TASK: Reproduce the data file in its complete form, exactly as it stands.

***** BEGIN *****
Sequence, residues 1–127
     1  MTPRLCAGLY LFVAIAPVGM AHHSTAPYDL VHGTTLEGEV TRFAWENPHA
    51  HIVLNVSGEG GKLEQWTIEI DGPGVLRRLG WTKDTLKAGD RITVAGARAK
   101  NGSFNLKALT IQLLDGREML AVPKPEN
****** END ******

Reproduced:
Sequence, residues 1–127
     1  MTPRLCAGLY LFVAIAPVGM AHHSTAPYDL VHGTTLEGEV TRFAWENPHA
    51  HIVLNVSGEG GKLEQWTIEI DGPGVLRRLG WTKDTLKAGD RITVAGARAK
   101  NGSFNLKALT IQLLDGREML AVPKPEN